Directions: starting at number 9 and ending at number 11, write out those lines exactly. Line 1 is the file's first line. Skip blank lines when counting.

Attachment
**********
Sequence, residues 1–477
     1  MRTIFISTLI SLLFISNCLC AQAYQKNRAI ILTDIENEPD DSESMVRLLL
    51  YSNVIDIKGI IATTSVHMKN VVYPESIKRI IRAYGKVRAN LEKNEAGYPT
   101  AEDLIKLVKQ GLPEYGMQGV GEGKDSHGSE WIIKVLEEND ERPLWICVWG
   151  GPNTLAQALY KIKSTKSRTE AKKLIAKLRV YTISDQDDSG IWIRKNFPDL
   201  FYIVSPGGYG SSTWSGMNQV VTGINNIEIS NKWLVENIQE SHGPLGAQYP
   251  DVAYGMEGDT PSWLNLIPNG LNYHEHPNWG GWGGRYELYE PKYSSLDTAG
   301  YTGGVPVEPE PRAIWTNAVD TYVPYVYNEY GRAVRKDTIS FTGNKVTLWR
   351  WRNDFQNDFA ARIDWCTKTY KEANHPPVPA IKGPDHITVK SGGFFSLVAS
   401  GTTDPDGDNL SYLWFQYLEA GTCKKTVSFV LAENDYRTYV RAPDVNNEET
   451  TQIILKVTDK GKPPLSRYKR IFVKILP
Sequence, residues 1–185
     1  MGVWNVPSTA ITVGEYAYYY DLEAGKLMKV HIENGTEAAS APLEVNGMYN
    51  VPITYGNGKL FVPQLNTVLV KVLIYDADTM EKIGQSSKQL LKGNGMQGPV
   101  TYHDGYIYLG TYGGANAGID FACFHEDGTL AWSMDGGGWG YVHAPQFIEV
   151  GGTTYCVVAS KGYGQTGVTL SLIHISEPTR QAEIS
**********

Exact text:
   351  WRNDFQNDFA ARIDWCTKTY KEANHPPVPA IKGPDHITVK SGGFFSLVAS
   401  GTTDPDGDNL SYLWFQYLEA GTCKKTVSFV LAENDYRTYV RAPDVNNEET
   451  TQIILKVTDK GKPPLSRYKR IFVKILP